MADISON, WI (BRAIN)—While Trek had its most successful year in 2010, company president John Burke admitted to retailers that it left a lot of money on the table due to delivery problems.
“From May through July, we shipped more product than we had predicted in our annual forecast,” he told a packed ballroom last night during Trek World, adding that Trek has boosted its own production and orders from overseas suppliers.
He reassured dealers that Trek is improving delivery of 2011 bikes. It has boosted production at its Waterloo factory for OCLV carbon bikes, investing in new molds and moving production of its Madone 5 Series bikes, previously made there, to Asia. The company has also trimmed lead times on bikes ordered through Project One, it’s custom paint and spec program offered on top-of-the-line road and tri models, which had swelled to 120 to 140 days. Now retailers can count on delivery taking from a week to a month, depending on model and components selected.
However, he told dealers that they needed to be part of the solution. “We need your help; you are part of the supply chain,” Burke said.
Burke said his company had strayed from pushing hard on preseason ordering in recent years, but now he’s emphasizing it once again, particularly for bikes priced over $1,300.
“We really didn’t have preseasons last year,” he said, pointing to one reason why the company was out of Madone 4.5 models by early May. “Order 50 percent of your 2011 forecast by September 15,” he urged dealers. “Why? Because we want to have bikes when you need them in the spring. We need your signal.”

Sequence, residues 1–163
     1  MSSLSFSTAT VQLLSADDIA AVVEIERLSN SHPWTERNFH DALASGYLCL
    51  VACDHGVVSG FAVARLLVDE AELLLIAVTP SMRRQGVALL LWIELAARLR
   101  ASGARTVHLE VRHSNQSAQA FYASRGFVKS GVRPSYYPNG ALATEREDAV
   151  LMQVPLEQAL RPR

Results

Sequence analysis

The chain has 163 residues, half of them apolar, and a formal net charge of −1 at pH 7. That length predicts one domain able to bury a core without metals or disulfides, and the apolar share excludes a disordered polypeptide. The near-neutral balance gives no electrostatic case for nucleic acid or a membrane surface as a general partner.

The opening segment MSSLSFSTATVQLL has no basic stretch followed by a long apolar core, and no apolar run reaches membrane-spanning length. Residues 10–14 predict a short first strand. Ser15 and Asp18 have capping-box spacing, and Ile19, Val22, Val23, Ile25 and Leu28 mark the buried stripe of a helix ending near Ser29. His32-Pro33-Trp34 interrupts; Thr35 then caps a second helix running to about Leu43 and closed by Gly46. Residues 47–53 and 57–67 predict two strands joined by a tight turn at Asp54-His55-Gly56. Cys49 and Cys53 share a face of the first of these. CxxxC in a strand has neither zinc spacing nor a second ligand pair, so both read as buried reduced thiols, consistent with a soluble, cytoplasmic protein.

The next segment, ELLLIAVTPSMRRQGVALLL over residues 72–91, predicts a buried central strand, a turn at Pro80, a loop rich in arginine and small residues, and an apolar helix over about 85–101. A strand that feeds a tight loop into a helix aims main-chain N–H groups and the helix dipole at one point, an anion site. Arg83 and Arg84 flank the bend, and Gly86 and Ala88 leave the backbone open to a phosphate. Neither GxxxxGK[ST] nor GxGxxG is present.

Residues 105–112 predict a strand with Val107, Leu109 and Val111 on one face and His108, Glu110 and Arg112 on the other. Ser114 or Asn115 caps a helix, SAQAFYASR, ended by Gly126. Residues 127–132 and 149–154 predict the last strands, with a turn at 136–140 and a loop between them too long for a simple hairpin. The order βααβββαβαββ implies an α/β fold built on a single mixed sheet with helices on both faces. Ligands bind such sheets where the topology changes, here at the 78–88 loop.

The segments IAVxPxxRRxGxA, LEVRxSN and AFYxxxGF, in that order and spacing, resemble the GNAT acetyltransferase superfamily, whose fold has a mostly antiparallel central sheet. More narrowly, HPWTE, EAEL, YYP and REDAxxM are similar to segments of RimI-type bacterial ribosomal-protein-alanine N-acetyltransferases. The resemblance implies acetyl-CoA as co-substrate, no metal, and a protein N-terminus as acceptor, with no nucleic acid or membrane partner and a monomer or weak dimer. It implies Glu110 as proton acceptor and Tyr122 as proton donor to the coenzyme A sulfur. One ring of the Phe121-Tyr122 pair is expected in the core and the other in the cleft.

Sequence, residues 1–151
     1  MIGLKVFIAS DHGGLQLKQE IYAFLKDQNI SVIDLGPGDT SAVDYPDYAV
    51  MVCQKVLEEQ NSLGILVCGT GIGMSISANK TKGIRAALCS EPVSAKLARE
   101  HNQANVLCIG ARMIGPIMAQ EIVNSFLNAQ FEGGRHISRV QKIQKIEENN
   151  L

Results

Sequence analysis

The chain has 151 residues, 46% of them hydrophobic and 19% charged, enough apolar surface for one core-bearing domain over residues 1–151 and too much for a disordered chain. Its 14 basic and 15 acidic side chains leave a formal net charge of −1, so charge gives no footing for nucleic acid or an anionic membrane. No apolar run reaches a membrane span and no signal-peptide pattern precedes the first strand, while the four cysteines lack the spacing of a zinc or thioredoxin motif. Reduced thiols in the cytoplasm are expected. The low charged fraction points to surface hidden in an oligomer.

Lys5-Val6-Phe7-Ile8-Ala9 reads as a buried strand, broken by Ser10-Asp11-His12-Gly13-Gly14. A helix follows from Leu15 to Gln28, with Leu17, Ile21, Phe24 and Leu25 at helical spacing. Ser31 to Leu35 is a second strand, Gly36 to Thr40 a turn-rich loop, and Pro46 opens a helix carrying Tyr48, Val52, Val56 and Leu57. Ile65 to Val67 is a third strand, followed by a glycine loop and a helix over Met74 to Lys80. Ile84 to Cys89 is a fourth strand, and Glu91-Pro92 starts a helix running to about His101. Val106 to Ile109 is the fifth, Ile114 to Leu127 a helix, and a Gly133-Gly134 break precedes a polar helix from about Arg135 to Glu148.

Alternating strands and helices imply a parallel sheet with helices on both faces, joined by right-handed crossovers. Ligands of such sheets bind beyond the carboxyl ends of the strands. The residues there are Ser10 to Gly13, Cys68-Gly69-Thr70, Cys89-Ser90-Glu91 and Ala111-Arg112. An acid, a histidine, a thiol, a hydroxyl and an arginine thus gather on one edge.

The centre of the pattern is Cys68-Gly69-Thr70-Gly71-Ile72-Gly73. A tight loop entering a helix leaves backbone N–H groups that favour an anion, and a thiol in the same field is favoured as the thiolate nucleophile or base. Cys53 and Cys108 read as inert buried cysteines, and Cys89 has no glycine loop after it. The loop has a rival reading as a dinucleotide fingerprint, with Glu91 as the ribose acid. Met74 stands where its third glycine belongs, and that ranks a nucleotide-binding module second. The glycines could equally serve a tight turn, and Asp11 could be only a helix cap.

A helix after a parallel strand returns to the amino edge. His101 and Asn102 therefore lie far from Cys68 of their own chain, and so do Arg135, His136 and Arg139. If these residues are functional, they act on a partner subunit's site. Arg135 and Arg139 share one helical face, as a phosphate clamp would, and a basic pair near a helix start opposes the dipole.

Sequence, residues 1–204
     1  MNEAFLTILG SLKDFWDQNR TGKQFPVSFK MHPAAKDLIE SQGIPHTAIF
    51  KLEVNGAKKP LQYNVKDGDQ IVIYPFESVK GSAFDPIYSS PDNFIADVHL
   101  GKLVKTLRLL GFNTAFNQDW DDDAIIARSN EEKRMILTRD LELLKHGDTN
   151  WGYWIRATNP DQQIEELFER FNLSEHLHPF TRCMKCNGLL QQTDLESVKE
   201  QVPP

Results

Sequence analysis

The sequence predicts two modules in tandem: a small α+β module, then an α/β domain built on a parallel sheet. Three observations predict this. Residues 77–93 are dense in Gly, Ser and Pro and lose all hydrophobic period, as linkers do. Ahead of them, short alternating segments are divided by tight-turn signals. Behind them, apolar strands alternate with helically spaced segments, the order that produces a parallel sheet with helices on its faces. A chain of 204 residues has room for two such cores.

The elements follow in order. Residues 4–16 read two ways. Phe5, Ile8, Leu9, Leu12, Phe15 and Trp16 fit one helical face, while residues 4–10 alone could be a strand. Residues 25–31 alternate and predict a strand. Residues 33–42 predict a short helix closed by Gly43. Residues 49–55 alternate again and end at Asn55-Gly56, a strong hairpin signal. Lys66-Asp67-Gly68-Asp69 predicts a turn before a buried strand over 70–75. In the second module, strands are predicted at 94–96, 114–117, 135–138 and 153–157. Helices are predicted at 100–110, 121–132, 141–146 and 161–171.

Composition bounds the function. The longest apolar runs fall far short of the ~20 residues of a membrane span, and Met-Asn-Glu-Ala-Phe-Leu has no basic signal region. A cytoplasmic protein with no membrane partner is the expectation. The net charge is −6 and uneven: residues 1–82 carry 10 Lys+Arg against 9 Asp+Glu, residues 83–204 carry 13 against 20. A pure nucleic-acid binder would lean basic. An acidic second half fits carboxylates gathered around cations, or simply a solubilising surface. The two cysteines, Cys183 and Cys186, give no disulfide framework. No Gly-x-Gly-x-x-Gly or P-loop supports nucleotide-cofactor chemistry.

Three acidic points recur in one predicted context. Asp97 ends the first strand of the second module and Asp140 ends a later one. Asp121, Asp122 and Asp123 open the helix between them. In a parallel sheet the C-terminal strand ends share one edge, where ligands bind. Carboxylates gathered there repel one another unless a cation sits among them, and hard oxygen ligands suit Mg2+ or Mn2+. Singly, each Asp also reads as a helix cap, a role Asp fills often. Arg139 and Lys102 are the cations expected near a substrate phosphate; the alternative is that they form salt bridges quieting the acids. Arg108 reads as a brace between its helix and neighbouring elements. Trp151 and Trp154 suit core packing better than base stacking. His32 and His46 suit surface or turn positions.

Surprisingly, much of Trek’s sales growth was at the high end. Burke cited double-digit growth in sales of the Madone 6 Series (up 54 percent); the 4 Series (up 73 percent) and Gary Fisher full-suspension bikes (up over 55 percent).
He predicted that road and transportation/pavement bikes will continue to drive sales. Trek has invested heavily in both areas, unveiling new models including the Madone 6 SSL, Madone 3 Series, a revamped Madone 5 Series, revamped entry-level women’s road bikes under the Lexa moniker and its new triathlon platform called Speed Concept for 2011.
In pavement, Trek made major improvements to its highly successful FX line of fitness-oriented bikes, added an entry-level dual-sport model under its Gary Fisher Collection called the Bodega, and ventured further into utility bikes with a long wheelbase cargo bike called the Transport, offered also as a battery-powered e-bike.
In addition to committing preseason dollars, Burke asked dealers to grow their aftermarket business with Trek by 20 percent for 2011 and said that the company is taking steps to attract more of their dollars. It’s introduced new helmets in the Bontrager product line effectively replacing its Trek helmets; trimmed prices on Bontrager apparel and expanded its shoes, gloves, saddles and tire lines.
PHOTO: Byron James of Brands Cycle and Fitness in Wantaugh, New York, admires the new Speed Concept tri bike with Project One custom paint job.